The green journey began as a hobby but soon turned into a mission and a consuming passion. Starting with a meagre amount of 15,000, he began the field work in various localities of Yamunanagar in 1994. He formed the Yamunanagar Environmental Society, which was later rechristened Haryana Environmental Society (HES), with the aim of "green and clean Haryana".
The society, with the untiring efforts of Dr Saini and his team over a period of two decades, has extended green cover to nearly 90 per cent part of the common available land in the MC limits of Yamunanagar.
More than one lakh saplings of about 65 species of trees have been planted in the inhabitant areas of the towns and neighbouring areas. In Yamunanagar, all main roads, dividers, lanes, mohalla parks, grounds, private and government office complexes, including mini secretariat, judicial complex and anaj mandi, have been covered under the mission.
This year, the team is busy with the "green sweep campaign", under which locations in Yamunanagar are being surveyed where there is still some scope for plantation. Prof Saini can be spotted riding his motorcycle and zeroing in on places where a car or scooter has been parked in the sun for lack of shade from a tree.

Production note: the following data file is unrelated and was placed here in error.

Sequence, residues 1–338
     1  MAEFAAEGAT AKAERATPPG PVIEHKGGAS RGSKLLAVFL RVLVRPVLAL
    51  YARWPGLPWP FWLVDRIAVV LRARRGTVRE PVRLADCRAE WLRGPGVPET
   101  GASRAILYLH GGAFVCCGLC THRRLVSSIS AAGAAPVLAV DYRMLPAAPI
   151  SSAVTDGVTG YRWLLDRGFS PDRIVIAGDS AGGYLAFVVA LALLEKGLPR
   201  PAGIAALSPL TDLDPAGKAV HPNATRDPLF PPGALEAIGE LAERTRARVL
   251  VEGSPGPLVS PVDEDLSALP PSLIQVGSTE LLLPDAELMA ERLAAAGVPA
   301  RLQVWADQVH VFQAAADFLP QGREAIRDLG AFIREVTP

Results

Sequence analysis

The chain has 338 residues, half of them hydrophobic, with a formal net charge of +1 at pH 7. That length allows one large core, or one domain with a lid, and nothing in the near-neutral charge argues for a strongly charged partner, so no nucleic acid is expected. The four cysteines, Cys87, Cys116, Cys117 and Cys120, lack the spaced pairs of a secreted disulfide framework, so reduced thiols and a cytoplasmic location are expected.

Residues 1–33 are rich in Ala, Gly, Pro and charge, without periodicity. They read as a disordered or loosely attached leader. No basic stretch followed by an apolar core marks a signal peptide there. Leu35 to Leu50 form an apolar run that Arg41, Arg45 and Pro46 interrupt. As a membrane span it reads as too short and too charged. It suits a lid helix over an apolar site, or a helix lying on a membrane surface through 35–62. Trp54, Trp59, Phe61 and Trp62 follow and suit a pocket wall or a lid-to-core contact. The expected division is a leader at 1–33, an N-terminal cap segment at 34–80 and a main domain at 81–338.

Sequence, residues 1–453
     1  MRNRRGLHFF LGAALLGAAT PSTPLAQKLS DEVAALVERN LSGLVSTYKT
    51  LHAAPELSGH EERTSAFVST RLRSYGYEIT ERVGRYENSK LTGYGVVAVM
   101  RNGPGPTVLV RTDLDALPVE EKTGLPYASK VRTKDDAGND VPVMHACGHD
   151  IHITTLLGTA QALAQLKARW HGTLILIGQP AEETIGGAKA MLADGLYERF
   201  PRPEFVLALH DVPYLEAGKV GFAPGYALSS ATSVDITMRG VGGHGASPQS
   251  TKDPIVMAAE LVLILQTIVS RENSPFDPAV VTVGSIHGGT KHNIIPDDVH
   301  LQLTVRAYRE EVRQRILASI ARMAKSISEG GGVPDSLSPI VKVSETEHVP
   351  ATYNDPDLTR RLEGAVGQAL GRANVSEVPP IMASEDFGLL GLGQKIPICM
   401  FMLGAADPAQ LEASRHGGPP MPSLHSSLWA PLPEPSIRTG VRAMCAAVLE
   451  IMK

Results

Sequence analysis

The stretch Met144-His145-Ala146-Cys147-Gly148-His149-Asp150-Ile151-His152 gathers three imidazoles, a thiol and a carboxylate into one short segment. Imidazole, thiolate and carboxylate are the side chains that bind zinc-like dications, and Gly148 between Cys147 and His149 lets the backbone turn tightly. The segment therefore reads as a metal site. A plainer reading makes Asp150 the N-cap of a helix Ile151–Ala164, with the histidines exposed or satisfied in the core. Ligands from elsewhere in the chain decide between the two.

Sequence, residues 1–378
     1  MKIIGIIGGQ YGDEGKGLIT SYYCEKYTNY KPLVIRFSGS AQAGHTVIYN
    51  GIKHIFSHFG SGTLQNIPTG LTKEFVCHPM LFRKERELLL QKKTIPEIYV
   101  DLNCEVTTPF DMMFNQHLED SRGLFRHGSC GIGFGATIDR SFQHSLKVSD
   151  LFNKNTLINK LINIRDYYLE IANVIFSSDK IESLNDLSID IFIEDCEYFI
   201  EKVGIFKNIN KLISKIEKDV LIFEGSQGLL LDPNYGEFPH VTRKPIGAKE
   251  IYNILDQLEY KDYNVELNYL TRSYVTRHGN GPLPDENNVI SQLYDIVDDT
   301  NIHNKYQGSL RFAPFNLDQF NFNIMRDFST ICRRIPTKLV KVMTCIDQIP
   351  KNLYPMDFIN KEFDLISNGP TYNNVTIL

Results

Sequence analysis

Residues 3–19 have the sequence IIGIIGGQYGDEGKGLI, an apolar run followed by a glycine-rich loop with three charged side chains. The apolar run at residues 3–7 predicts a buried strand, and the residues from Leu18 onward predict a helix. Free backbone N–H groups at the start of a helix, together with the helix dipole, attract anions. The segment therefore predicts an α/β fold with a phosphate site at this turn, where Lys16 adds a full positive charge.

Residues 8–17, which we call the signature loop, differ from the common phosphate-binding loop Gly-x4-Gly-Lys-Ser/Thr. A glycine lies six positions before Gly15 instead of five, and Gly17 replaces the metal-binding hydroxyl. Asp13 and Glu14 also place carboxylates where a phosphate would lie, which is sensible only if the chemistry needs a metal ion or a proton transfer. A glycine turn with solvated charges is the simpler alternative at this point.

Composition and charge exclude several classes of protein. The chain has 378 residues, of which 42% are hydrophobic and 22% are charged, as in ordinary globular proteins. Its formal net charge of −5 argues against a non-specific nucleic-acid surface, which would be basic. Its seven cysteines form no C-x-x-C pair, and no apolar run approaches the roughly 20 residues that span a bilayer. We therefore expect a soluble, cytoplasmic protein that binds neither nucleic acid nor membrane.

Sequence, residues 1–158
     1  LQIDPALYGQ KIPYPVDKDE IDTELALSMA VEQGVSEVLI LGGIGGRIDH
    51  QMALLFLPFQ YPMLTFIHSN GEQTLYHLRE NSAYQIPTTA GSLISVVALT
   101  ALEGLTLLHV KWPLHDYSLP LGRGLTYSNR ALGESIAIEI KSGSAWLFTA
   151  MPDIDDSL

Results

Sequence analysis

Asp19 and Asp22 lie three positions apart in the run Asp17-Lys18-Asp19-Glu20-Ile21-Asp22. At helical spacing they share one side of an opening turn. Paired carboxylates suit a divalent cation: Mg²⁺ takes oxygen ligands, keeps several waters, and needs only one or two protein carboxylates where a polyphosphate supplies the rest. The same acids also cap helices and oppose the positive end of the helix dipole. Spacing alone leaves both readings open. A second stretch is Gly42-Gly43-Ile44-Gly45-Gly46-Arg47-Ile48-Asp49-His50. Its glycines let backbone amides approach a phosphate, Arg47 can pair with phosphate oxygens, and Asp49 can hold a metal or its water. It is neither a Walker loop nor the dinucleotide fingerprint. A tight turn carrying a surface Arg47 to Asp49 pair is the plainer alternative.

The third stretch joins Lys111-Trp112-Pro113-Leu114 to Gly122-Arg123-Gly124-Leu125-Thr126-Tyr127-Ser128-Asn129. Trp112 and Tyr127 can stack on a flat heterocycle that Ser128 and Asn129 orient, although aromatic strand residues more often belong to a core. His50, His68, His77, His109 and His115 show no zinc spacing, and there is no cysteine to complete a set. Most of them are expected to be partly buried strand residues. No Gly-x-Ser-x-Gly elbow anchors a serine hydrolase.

The uniqueness of the green campaign is that no financial help is received from government agencies. The entire project is being carried out with the help of public participation and cooperation. More than 15,000 persons from all walks of life, including eunuchs and people from urban and rural areas, are associated with the field activities in the form of donors, volunteers or field workers. The HES has its own steel tree guard workshop, nursery, tractor, water tankers, trolley and gardeners. Saplings are planted by holding plantation melas and camps on all social occasions and national festivals. Residents sponsor plants on special occasions like the birth of a child, wedding, marriage anniversary, "shraad", Diwali and Holi.